Disabled People Cry for Equality

Everyday, workers in nursing scrubs witness people cry in pain as they hear doctors say “Sorry, we can do nothing at all.” Mothers’ hearts are torn apart when they discover their newborn babies having physical disabilities. Some develop syndromes leading to complicated health problems that soon left them handicapped. But what is sadder is the stigma they have to face living with disabilities.

There are 650 million people living with disabilities worldwide, and they all experience discrimination in many different ways. U.S. Pres. Barack Obama said, in a presidential proclamation, that discrimination against physically challenged people in workplaces and in communities still happen in the United States. He also mentioned that 90 percent of children with disabilities in developing nations are not able to attend school, and that women are all too often subjected to deep discrimination.

However, discrimination seems to root not only from bullies in school, workplaces or the community, but also within the United Nations Convention on the Rights of Persons with Disabilities itself. On Thursday, the National Association of the Deaf in Chennai held a demonstration condemning the said organization, after a promise to be included in the Eleventh Five Year Plan did not materialize.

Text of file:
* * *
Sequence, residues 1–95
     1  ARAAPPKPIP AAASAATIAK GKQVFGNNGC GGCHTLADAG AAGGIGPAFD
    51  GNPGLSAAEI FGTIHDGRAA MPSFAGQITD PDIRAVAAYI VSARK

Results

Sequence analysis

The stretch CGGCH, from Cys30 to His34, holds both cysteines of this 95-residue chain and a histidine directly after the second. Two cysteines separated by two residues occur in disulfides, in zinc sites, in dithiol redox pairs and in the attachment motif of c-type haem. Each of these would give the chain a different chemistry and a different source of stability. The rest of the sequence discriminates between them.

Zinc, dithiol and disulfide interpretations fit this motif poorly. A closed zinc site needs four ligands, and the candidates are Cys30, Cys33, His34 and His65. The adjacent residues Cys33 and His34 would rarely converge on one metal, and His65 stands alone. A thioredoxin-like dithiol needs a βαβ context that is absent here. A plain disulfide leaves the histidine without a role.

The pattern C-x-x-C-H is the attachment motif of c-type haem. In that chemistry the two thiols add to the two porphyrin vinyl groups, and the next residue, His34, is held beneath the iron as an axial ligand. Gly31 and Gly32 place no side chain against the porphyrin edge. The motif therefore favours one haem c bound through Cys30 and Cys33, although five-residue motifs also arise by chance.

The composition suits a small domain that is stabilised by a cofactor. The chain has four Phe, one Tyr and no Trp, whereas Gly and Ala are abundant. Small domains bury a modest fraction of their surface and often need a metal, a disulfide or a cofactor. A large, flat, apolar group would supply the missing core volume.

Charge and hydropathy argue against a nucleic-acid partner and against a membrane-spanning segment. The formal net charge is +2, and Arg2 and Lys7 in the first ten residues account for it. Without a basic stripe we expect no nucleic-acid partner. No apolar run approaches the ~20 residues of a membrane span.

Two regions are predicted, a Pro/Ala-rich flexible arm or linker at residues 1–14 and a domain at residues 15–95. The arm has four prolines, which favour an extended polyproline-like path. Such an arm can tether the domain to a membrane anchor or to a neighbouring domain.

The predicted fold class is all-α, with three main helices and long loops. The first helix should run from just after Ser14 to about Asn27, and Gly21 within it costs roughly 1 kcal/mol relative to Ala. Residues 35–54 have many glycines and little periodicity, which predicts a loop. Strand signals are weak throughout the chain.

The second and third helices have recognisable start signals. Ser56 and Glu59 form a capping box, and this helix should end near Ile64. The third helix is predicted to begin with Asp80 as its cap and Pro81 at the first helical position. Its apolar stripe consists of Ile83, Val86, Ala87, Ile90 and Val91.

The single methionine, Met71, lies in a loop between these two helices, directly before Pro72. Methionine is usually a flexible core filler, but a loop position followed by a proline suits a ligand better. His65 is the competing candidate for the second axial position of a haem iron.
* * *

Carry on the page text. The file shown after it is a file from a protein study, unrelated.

“Our joy turned into sorrow when the plan received no mention in the 2008 budget. In 2009, we were promised by senior planning commission members that it would be done. But nothing has happened so far,” said T K M Sandeep, coordinator, The Deaf Way, an NGO working with people with hearing disabilities. The group is asking for special schools up to Class XII in each state and in each college, a sign language academy, interpreters and captions on telecasts, which is just right. Education is one big aspect that can break the barrier that holds disabled people from fully participating in the society.

In Beijing China, disabled people called for accessible travel. Improvement in security and social services are what they want as the country has 83 million of the 650 million disabled worldwide. If government leaders are encouraging them to integrate into the society, the means through which they would be able to reach out to must be provided first. Public places should install relevant barrier-free facilities to ease travel in connection to the rights of disabled people as stipulated in relevant laws and regulation, said Zhou Wei, a Sichuan University law professor.

Physically challenged people have capabilities that can never be underestimated. In fact, many of them show exemplary qualities that have been very helpful to different aspects of the society. May the International Day of Persons with Disabilities remind everyone, especially the authorities, that disabled people are a vital part of the society.

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